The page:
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Induced Polarization Effects Associated With Hydrocarbon Accumulations
M.A. Adams Eds.: Hydrocarbon Migration and its Near-Surface Expression, AAPG Memoir 66; pp.127-137.
Norman R. Carlson, Kenneth L. Zonge, Zonge Engineering & Research Organization, Inc., Tucson, Arizona, U.S.A.
Paper – [pdf] O&G_IP_HydrocarbonAAPG-Memoir1996
The use of induced polarization (IP) methods in oil and gas exploration dates back to the 1930s, but the validity of anomalies has been difficult to establish. Although recent geochemical and downhole research has verified the source of IP anomalies in some geologic environments, the influence of cultural (anthropogenic) features on the electrical data remains a serious stumbling block to the acceptance of electrical methods in oil exploration. Spurious effects from power lines, pipelines, fences, and well casings can be misinterpreted as anomalies from hydrocarbon alteration or can mask true alteration anomalies. The cultural problem is not insurmountable, however, and it is not valid to assume that all IP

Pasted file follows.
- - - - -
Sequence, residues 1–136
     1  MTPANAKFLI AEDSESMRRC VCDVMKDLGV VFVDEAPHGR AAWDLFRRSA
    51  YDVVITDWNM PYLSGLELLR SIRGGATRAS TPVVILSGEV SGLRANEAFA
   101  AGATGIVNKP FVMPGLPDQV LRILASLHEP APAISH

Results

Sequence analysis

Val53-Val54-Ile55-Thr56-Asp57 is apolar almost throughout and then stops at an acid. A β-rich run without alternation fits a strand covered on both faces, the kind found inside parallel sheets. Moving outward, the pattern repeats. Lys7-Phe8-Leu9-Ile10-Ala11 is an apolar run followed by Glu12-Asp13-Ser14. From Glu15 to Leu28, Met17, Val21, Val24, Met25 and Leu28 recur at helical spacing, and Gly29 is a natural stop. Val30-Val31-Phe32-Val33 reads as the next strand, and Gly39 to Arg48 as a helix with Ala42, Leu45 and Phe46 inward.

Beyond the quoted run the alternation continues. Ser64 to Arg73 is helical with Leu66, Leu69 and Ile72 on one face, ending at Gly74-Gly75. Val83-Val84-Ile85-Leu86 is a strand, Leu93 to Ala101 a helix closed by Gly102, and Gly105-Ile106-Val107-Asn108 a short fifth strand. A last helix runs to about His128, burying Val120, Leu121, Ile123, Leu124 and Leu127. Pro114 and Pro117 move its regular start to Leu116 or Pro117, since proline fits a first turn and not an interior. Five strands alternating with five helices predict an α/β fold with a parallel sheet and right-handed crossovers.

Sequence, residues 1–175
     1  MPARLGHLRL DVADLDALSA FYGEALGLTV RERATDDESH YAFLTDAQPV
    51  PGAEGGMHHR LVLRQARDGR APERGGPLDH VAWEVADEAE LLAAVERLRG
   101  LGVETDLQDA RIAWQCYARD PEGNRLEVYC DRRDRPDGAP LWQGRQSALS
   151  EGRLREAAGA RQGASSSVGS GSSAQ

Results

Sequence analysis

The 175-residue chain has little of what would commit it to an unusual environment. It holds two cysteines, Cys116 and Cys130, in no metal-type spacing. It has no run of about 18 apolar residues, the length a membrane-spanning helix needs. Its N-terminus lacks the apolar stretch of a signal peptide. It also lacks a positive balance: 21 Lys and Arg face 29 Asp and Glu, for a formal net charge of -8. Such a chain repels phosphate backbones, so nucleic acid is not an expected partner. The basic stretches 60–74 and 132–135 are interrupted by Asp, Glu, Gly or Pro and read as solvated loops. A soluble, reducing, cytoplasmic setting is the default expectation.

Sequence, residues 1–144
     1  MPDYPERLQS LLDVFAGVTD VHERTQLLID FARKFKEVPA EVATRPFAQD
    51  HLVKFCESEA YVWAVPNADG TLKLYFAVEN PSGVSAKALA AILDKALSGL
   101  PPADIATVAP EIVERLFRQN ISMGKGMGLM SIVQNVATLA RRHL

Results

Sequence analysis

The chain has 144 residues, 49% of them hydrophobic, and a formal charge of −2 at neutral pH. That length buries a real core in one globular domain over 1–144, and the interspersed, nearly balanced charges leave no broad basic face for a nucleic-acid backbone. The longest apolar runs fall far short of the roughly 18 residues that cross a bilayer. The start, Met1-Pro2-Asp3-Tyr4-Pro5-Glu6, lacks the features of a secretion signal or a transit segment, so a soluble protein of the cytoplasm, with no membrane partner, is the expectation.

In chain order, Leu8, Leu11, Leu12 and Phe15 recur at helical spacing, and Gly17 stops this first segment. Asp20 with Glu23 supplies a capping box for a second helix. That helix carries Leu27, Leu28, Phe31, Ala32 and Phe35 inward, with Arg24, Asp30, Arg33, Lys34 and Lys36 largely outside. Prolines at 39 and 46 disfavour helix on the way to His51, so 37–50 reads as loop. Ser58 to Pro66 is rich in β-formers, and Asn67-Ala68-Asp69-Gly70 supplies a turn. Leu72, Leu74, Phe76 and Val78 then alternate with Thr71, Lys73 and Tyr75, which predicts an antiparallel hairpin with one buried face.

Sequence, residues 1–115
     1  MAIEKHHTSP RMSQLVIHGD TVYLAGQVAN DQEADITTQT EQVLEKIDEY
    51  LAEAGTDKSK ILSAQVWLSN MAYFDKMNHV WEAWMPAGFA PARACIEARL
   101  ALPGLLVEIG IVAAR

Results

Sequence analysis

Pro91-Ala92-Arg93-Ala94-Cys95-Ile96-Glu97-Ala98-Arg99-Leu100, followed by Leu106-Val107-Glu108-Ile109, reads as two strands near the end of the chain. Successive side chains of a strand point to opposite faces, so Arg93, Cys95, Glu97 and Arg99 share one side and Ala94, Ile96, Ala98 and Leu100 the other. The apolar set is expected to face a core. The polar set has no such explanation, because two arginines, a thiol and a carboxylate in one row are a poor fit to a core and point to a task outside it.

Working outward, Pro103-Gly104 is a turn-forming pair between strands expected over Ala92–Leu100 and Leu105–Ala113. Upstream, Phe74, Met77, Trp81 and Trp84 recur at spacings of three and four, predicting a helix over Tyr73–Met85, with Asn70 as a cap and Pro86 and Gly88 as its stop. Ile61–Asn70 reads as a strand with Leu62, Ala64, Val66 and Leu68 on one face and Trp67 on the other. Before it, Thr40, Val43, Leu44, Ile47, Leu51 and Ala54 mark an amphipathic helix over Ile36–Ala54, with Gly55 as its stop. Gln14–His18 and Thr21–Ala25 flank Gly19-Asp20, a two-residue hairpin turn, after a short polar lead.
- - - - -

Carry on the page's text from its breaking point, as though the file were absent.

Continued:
anomalies measured over oil fields are the result of culture. A case study of the development of an oil field near Post, Texas, illustrates how proper survey design can be used to minimize and evaluate the effects of culture in the interpretation of IP survey data. Evaluation of before-and-after IP data sets and two-dimensional finite element modeling strongly support the interpretation that the observed IP anomaly results from hydrocarbon-induced alteration and not from well casing or other cultural effects. Furthermore, the interpreted extent of the IP anomaly as defined in 1982 agrees well with the productive limits of the field as it exists more than 12 years later.